Q: I’ve got an iPhone. Can’t I shoot my own video?
A: Today’s smartphones can shoot some great content. Here’s the caveat. The tools are only as good as the hands that wield them. I’ve seen clients that have tried and failed to create their own videos because the skills behind the camera weren’t there. The time lost in trying to create something that looked better than a high school project would have been better spent collaborating with professionals (like…oh…I don’t know…might I suggest someone at the brilliant firm of Jackson Creative?).
Q: What do you mean you need HiRes versions of my logos? Can’t you just pull them from my website?
A: When using graphics in print or video it is always better to start with the highest quality file possible. Have you ever seen a fuzzy logo on a poster? How about a jagged logo in a YouTube video? Likely what happened is they took a graphic that looked good at one size and enlarged it to the size they needed and that was the result. Sizing graphics down is never a problem. The reverse often yields less than flattering imagery.
Q: Do I need narration in my production?
A: Narration can be the special ingredient in a video recipe. It can also seem redundant and overly didactic. The trick is to be able to judge whether it is needed or not. In a piece based primarily on interview subjects it might seem like it is just reiterating the points they are saying and might be best avoided. In a video composed mostly of graphics and music it might reinforce key points or generate emotion at just the right moment.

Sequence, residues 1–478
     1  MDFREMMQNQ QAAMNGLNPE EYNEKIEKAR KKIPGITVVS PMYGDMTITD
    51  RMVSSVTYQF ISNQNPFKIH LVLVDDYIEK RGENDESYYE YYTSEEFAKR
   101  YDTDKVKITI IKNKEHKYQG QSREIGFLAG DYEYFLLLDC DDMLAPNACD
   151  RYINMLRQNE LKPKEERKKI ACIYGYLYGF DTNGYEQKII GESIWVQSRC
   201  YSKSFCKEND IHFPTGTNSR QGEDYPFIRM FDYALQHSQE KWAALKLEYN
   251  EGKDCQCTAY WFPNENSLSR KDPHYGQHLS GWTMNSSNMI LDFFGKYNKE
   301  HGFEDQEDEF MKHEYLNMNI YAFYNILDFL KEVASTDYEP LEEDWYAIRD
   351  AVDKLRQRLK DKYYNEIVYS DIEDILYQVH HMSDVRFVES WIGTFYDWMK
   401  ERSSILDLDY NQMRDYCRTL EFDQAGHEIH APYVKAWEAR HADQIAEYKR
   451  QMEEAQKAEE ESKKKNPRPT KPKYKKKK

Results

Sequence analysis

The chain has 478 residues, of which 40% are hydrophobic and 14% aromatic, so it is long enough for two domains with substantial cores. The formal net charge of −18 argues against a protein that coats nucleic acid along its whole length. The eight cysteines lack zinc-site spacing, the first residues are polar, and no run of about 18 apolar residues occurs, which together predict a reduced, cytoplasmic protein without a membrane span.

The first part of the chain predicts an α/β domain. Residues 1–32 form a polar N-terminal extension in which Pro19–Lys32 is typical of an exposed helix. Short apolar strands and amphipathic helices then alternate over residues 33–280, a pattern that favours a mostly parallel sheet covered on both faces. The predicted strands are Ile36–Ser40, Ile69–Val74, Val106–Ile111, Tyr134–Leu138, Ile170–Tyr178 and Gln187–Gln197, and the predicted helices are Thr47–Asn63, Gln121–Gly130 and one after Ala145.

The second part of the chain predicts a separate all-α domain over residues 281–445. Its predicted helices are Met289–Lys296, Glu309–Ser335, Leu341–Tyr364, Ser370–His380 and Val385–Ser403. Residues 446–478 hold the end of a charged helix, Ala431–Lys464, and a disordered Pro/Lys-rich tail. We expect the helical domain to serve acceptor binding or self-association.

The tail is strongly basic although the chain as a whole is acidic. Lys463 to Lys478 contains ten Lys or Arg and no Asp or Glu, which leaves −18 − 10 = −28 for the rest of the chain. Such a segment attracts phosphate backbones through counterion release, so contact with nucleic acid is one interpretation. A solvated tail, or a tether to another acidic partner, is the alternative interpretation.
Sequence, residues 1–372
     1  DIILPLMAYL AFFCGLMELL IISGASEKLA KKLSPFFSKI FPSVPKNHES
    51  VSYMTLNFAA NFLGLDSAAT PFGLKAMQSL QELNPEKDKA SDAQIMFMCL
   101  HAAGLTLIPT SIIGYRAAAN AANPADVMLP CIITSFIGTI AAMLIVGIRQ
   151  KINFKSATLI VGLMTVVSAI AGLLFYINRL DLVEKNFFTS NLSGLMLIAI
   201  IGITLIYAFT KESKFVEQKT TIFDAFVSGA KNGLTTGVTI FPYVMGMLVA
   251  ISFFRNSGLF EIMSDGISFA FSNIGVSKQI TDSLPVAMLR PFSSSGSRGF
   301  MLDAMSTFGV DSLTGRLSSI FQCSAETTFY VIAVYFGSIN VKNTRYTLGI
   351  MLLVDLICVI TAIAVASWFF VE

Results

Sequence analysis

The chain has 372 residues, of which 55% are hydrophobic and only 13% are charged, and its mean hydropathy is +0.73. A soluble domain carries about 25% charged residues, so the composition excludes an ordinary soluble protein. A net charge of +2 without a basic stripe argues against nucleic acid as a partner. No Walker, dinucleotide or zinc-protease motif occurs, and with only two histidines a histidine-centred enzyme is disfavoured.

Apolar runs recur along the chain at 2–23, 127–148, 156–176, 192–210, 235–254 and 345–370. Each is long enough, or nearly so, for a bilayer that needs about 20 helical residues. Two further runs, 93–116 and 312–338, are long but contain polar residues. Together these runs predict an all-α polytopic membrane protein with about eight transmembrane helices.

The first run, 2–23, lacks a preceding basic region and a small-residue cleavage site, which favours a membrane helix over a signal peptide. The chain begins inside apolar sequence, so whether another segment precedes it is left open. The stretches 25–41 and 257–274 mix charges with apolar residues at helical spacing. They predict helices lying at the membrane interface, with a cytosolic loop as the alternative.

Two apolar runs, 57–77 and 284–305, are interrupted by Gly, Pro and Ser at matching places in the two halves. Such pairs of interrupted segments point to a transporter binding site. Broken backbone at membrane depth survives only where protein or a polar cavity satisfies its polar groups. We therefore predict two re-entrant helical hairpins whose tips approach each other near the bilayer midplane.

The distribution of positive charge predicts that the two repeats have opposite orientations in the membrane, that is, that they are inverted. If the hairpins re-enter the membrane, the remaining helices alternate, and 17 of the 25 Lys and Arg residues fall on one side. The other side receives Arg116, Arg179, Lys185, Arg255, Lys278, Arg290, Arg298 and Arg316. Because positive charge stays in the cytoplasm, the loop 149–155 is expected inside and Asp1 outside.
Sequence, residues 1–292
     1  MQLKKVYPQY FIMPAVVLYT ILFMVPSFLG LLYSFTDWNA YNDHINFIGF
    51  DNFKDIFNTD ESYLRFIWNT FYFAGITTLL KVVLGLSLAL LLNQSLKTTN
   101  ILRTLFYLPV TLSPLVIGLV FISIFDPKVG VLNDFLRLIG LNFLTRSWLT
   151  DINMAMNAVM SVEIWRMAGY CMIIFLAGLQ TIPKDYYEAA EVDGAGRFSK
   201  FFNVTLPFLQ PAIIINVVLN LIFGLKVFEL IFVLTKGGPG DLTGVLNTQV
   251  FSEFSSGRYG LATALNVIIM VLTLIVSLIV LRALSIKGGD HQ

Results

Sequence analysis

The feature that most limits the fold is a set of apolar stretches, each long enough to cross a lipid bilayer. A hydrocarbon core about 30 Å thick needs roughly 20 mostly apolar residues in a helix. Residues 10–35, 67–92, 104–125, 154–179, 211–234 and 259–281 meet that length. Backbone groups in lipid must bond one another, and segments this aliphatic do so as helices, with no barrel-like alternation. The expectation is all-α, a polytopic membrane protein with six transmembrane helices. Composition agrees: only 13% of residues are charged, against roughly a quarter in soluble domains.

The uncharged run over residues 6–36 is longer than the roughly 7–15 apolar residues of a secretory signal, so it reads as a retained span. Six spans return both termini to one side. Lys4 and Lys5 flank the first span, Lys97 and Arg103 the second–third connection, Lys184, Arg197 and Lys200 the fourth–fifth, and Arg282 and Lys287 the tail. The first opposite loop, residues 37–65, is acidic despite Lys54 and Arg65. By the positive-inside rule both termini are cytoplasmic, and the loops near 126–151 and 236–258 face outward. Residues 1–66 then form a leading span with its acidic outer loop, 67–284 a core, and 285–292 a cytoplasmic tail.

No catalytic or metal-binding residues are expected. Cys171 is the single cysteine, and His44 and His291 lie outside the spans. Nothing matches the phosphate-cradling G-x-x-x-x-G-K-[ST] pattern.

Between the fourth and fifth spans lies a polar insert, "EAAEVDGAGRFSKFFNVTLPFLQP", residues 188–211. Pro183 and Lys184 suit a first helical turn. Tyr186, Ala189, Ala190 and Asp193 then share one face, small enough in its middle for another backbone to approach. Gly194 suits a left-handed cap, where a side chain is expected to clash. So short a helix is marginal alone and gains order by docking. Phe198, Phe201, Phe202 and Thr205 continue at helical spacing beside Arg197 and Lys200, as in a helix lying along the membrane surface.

Q: I’m seeing drone videography everywhere these days. Do you use drones?
A: Jackson Creative does from time to time use drone footage. When planning for a production if there is a moment or feeling that otherwise might be hard to convey without using this type of imagery we’ll do it. What we want to avoid is jumping on a trend bandwagon and inserting drone work just because we can.
Q: How long should my finished product be?
A: Consider your intended audience when you are determining a video’s length. If it is primarily going to be used online shorter is usually better. A good length for a company overview on your website landing page would be 45 seconds to a minute. Likewise a video shared on Facebook or Twitter could be 30 to 45 seconds. If you are looking to use video as a training tool longer run times like 5 – 7 minutes are usually necessary. If there’s more information to convey than can fit in that time frame we often recommend a series of 5-7 minute videos instead of making one long, often snooze inducing, 30 minute video.